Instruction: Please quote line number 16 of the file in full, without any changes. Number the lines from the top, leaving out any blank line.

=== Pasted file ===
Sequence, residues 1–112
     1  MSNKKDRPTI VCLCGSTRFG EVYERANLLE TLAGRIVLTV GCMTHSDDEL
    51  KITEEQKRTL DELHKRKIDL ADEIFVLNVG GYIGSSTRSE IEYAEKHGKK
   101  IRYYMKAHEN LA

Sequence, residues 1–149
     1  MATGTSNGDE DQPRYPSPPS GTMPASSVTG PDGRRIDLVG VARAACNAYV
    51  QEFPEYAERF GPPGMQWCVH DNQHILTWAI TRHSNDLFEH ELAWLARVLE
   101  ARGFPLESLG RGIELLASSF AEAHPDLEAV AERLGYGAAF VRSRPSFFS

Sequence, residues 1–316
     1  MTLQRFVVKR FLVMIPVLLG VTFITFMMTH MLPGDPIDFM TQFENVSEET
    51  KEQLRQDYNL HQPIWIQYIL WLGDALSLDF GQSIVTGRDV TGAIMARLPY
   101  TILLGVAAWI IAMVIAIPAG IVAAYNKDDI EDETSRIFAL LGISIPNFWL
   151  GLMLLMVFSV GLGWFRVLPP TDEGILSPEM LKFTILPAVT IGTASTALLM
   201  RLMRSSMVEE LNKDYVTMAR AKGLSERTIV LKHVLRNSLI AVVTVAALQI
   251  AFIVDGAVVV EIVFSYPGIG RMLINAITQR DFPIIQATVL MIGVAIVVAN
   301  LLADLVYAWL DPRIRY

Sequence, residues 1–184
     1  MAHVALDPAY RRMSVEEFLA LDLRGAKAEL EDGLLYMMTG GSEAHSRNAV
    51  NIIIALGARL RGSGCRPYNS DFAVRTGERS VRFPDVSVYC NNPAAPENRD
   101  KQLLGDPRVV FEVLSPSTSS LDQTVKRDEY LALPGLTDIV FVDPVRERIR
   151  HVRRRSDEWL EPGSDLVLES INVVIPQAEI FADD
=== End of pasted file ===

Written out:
   301  LLADLVYAWL DPRIRY